Wednesday 12 October 2016

Robert Blair Swinton and his chess book

Chess for Beginners and the Beginnings of Chess, by R. B. Swinton, published by T. Fisher Unwin, London 1891.

Title page, first edition

Frontispiece, first edition

Betts 10-47 states that this was originally published by Little, Brown in Boston in 1890, however, other sources, including the Cleveland Public Library, date the Boston edition as 1891. A second edition (simply a reprint) was also published in 1891 and a third edition, another reprint with a two page index, was published in 1897. This had a slightly amended title Chess for Beginners and the Beginners of Chess. Betts 10-59 implies that this was an error but Swinton may have intended to change Beginnings of Chess to Beginners of Chess as he uses this phrase elsewhere in the book (p119).  Betts 10-61 gives details of a third edition published in New York 1898 but I can find no collection or library possessing this and it may be a phantom (or very rare).

Title page, third edition

This was the only chess book written by Robert Swinton about whom virtually nothing is known. and record that he was born in 1829, worked for the Madras Civil Service, married Elizabeth Dorothy Rundell in 1858, had seven children and died in 1912. Swinton wrote two other books; The Proceedings in the case of the Earldom of Mar: 1867-1885, London 1889, and An Indian Tale or Two, Blackheath 1899. He also wrote articles for the Dictionary of National Biography.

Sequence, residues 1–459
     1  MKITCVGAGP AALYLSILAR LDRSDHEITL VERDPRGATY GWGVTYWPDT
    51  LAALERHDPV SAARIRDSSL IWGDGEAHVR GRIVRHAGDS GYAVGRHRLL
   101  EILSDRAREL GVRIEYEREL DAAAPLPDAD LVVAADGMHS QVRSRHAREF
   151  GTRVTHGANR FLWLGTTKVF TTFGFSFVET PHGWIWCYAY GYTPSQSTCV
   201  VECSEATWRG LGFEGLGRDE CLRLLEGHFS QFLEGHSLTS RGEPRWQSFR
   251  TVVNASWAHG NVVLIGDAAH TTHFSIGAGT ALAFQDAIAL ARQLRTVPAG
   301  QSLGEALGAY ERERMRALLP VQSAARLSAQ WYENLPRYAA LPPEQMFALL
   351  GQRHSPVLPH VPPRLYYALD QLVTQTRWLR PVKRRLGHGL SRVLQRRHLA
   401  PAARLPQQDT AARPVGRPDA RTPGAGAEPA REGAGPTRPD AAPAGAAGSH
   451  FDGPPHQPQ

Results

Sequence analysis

Chess for Beginners...aimed to provide a clear summary of the elements of Chess together with a knowledge of the history and literature of the game. Part I (94 pages) is the instructional section written in an informal chatty style, and Part II (104 pages) includes eight chapters on chess history and literature. 

The book received mixed reviews in The British Chess Magazine and The Chess-Monthly. The British Chess Magazine for January 1891, page 16, offered a few snippets of praise in an otherwise negative review.


While the review in The Chess-Monthly for January 1891, page 136, was more enthusiastic although written in a sardonic manner.

I was particularly intrigued by Swinton's footnote on page 172 and I will comment on this at length next time.

                                    © Michael Clapham 2016

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